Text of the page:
And even though it brought her to tears, she managed to complete a tough high ropes course that required her to climb up swinging tires, then walk across a wire strung between two trees.

"It's not that I like doing things that are scary, 'cause I totally don't," she said. "But it helps me to see how far I am able to push myself." That's by design. The hope is that she will be willing to bring that same attitude to her life at Princeton.

"I think the most important thing we try to teach our frosh is to experiment-with classes, extracurriculars, friends, etc.," OA leader Adi Hirshberg, a Princeton junior from North Woodmere, on New York's Long Island, wrote in a post-trip e-mail. "OA is just an example of facing a challenge, something new, experimenting, or whatever you want to call it. We try to teach them not to be afraid of experimenting because it's new. Try it, and then see what happens."

Curtis and others have long based their faith in these trips on the overwhelmingly positive anecdotal evidence indicating that they are effective in terms of helping freshmen form friendships and a social support system. Now more scientific evidence appears to back that up, said Brent Bell, director of Harvard's First-Year Outdoor Program, which is nearly identical to Princeton's.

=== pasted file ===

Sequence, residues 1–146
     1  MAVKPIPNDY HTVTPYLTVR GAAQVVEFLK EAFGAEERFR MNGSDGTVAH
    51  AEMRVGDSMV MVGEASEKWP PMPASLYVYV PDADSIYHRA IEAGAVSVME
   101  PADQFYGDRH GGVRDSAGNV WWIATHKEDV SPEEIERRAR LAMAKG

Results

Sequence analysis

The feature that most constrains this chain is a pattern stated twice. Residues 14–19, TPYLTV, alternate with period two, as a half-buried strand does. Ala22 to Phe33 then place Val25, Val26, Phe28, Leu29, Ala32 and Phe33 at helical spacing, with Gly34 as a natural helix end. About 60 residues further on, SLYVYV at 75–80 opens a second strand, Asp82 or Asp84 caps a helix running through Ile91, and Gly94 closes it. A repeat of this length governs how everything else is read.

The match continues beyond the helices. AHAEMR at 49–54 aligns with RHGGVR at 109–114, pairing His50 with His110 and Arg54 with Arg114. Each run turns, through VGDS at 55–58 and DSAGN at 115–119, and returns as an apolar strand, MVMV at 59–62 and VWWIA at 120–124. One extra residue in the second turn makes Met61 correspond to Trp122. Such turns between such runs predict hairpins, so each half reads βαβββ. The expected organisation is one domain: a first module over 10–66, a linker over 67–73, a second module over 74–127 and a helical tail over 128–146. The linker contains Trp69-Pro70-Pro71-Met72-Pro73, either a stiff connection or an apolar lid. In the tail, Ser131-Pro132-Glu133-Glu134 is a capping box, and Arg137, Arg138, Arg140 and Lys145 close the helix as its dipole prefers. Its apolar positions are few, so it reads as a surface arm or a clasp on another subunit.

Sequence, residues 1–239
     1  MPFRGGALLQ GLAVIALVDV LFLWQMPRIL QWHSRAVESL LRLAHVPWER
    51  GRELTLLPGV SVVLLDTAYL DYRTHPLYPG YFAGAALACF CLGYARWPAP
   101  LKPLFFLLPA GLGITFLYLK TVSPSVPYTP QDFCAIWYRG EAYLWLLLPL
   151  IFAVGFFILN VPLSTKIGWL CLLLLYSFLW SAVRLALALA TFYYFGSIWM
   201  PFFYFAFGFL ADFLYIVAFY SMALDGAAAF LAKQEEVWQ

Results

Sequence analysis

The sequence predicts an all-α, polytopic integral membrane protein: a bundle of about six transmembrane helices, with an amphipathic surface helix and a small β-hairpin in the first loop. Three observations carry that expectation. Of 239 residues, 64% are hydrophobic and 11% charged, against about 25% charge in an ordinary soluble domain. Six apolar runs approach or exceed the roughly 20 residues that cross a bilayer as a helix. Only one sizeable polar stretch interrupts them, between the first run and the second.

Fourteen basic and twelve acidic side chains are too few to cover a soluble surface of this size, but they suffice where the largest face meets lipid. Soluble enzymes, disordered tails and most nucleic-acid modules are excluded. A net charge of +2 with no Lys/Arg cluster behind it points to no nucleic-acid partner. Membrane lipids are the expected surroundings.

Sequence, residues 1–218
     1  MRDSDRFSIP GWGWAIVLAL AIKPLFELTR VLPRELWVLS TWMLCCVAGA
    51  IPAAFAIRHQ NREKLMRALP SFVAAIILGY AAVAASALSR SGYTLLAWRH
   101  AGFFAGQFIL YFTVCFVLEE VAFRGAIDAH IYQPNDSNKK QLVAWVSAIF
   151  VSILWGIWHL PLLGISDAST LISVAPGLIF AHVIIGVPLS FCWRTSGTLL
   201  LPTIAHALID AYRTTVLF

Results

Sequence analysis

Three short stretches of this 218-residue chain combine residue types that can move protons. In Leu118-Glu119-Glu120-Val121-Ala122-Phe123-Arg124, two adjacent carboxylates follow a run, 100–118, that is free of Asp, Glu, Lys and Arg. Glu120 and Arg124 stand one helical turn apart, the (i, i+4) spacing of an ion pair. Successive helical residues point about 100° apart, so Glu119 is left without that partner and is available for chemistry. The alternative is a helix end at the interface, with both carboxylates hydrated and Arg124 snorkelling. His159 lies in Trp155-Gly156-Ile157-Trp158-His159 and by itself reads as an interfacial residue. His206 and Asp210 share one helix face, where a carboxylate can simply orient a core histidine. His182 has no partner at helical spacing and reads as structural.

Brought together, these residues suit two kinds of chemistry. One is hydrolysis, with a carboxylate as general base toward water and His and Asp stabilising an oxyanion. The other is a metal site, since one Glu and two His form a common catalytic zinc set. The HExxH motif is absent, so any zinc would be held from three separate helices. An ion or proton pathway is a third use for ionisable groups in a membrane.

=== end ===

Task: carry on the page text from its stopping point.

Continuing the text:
Bell, who is also a Ph.D. candidate in experiential education at the University of New Hampshire, surveyed more than 1,600 students at two Ivy League schools.

His analysis isn't complete, but preliminary results indicate that students who had participated in the schools' wilderness orientation programs reported having significantly more social support than those who had not, and also more than students who had participated in other pre-matriculation orientations, such as community service programs or pre-season athletics.

Student leaders of the orientation groups, and freshman participants, gather in Dillon Gym, on the Princeton campus.
(Photo by Mike Falco, Black Star, for CrossTalk)

The trips also fill a second, equally important function, said Curtis: They're a vehicle to provide valuable leadership training and experience for upperclassmen.